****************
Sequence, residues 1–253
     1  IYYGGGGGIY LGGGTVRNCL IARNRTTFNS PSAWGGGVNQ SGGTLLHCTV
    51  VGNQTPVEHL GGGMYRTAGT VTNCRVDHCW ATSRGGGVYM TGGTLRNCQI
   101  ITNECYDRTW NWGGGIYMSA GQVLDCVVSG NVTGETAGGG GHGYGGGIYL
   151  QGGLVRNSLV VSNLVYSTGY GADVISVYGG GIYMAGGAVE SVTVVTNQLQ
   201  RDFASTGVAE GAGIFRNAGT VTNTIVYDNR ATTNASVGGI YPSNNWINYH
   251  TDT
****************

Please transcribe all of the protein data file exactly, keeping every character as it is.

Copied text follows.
Sequence, residues 1–253
     1  IYYGGGGGIY LGGGTVRNCL IARNRTTFNS PSAWGGGVNQ SGGTLLHCTV
    51  VGNQTPVEHL GGGMYRTAGT VTNCRVDHCW ATSRGGGVYM TGGTLRNCQI
   101  ITNECYDRTW NWGGGIYMSA GQVLDCVVSG NVTGETAGGG GHGYGGGIYL
   151  QGGLVRNSLV VSNLVYSTGY GADVISVYGG GIYMAGGAVE SVTVVTNQLQ
   201  RDFASTGVAE GAGIFRNAGT VTNTIVYDNR ATTNASVGGI YPSNNWINYH
   251  TDT